5 Great Paddling Adventures in Southeastern MA

Text & Photography by Tom Richardson

Southeastern Massachusetts is home to numerous estuaries, all of which can be accessed by canoe, kayak, and paddleboard. All of the following rivers provide the opportunity to explore unique, fecund coastal habitat containing numerous species of birds and fish. And you don’t need to be an expert paddler or own a fancy kayak to enjoy them!

Expect to see plenty of osprey along the Westport River.
  • Westport River, Westport

The Westport is a big river with two branches: West and East. The latter is accessible to the general public at Head of Tide (also home to Osprey Sea & Surf Adventures), with parking along the street. There are a couple of convenient “cut-outs” along the seawall here for launching a ‘yak, SUP, or canoe. Another launch spot is the big and busy state boat launch near the river mouth, just off the rotary after you cross the bridge on Rte. 88. This facility sees heavy current use, so please respect the powerboaters who use (and help pay for) this ramp. From here you can head west toward the river mouth and a sandy beach; however, use extreme caution around the inlet, which is affected by strong winds and currents, and can be very rough, especially on an ebb tide. It also sees heavy powerboat traffic. Heading upriver from the ramp will allow you to explore the quiet marshes and small, rocky islands, such as Whale Rock. A third place to launch is the obscure access site called Emma Tripp Landing, off East Beach Road. This spot only has room for a few vehicles, and offers access to a shallow, protected offshoot of the East Branch known as The Let. As you approach the main branch of the river, expansive marshlands spread before you, containing dozens of osprey nests.

Learn more

Paddling through The Let towards the East Branch of the Westport River.
  • Slocums River, South Dartmouth

The tidal Slocums River flows for some six miles from Russells Mills to lower Buzzards Bay. Along the way, you can expect to see plenty of birdlife, ranging from kingfishers to great blue herons. Near its headwaters, the river is shallow and narrow, bordered by tall marsh grass. It soon widens, flowing past bucolic farmland and thickly wooded shorelines dotted by residential homes. At the river mouth, you can stop for a rest and a swim at Demarest Lloyd State Park beach. The best put-in spot is the launch area at Russells Mills park and playground, which offers parking for several vehicles. But get there early on summer weekends to claim a spot.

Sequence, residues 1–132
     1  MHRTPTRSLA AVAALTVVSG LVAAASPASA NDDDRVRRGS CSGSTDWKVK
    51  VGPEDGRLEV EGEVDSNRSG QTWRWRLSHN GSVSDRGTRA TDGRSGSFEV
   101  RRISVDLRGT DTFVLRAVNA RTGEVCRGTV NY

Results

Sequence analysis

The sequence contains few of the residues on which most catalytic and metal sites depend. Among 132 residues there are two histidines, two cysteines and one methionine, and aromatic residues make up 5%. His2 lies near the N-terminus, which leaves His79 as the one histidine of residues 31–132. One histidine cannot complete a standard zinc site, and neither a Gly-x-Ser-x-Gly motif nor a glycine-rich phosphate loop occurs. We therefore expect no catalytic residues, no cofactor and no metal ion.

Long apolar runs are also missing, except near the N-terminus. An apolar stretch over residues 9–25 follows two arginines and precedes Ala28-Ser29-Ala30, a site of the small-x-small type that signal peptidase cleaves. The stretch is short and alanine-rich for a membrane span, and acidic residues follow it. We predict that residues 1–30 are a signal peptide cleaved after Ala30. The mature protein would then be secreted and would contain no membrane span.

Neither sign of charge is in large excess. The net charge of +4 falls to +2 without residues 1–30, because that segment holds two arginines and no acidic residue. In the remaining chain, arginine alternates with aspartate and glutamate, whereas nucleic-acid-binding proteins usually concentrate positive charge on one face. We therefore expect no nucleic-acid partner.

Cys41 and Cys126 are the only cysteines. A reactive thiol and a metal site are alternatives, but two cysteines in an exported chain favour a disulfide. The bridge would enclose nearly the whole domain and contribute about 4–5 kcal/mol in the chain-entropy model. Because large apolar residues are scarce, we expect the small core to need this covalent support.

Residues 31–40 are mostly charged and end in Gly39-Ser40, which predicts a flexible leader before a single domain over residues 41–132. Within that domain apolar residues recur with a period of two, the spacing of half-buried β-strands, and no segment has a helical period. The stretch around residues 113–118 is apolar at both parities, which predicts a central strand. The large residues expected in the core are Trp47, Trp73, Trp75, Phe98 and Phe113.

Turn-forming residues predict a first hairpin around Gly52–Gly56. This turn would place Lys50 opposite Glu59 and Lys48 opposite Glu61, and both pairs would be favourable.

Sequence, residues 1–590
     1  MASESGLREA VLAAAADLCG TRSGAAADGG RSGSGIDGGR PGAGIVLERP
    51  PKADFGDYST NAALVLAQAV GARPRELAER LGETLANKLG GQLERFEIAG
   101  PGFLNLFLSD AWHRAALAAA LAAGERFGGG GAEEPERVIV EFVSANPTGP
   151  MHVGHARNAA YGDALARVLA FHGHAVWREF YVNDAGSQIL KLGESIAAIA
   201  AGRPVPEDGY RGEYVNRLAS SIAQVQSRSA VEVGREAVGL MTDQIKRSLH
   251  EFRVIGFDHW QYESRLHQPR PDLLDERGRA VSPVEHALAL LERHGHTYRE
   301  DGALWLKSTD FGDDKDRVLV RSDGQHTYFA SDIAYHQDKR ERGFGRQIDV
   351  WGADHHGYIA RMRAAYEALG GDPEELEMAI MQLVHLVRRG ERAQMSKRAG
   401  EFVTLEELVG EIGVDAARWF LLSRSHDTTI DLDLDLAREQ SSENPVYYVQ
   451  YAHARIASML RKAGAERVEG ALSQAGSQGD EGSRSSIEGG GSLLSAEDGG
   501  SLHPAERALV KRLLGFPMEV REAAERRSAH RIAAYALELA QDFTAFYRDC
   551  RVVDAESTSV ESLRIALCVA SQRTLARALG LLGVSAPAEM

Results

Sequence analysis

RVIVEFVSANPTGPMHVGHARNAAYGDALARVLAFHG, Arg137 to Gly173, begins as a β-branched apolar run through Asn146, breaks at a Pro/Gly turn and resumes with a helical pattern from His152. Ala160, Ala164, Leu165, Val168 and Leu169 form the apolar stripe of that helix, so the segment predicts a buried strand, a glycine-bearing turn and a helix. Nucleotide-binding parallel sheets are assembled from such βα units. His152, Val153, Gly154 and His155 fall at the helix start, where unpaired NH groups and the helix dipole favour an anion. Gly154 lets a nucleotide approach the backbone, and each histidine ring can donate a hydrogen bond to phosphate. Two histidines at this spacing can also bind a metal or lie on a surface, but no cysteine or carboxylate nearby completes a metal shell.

Learn more and watch a short video on the Slocums.

Sprawling marshland borders the southern portion of the Slocums River.
  • Mattapoisett River, Mattapoisett

The tidal portion of this river offers a short but scenic paddle from the mouth to the dam and fish ladder at Rte. 6. Along the way, you’ll pass marshy shores bordered by shady oak and tupelo, and under a bridge that serves as part of the Mattapoisett Bike Trail. You can launch and park at the town landing at the Mattapoisett Wharf and Harbormaster’s office on Water Street. From here, follow the sandy shoreline west for a quarter-mile or so and you will reach the river mouth.

The bike path bridge spanning the Mattapoisett River.
  • Weweantic River, Wareham

The Weweantic River stretches 17 miles from its junction with the Wareham River in upper Buzzards Bay to its headwaters well inland. The tidal portion can be accessed from either the state launch facility off Rte. 195 (lots of free parking) or Horseshoe Milll Reserve, at the head of tide (see link below for details). The lower Weweantic is very wide and offers great fishing for striped bass near its mouth in spring and fall.  The deep channel below the power lines can be a particularly productive spot starting in late April or May. The river hosts annual runs of herring, alewives, sea lamprey, American eel, and rainbow smelt. If you choose to head upriver, you will eventually pass below Rte. 195 and find yourself in Horseshoe Pond, bordered by a 34-acre parcel owned by the Buzzards Bay Coalition and known as the Horseshore Mill reserve. This is a good spot to get out and stretch your legs on the nature trails before continuing north into the narrow, very shallow, and very different freshwater portion of the river. The Horseshoe Mill Reserve features two launch spots—one on either side of the former dam.

This footbridge at the Horseshoe Mill Reserve replaced a former dam that blocked fish passage on the Weweantic River.
The freshwater portion of the Weweantic River looks very different than the tidal areas.
  • Agawam River, Wareham

The Agawam is an underappreciated and somewhat urban tidal river that flows for seven miles from its junction with the Wareham River at Mayflower Point to the Mill Pond Dam and fishway. Access can be gained by parking along the railroad tracks next to the old depot behind Main Street in Wareham Center, or at the small put-in area behind the Tremont Nail Factory (technically on the Wareham River), which offers plenty of parking but is a bit hard to find. As you paddle the Agawam, watch for herons, osprey, willet, swans, sea ducks, loons, sandpipers, yellowlegs, kingfishers, egrets, and even bald eagles. In the early spring, dozens of osprey gather along the river to dive-bomb herring that are making their way upstream to spawn. Also keep an eye out for the tiny heads of diamondback terrapins poking above the surface, as the Agawam hosts a robust population of these threatened estuarine turtles.

Learn more about paddling the Agawam.


The launch site behind the Tremont Nail Factory buildings provides access to both the Wareham and Agawam Rivers.
Willet are just one species of shorebird you are likely to see on a paddle along the Agawam River.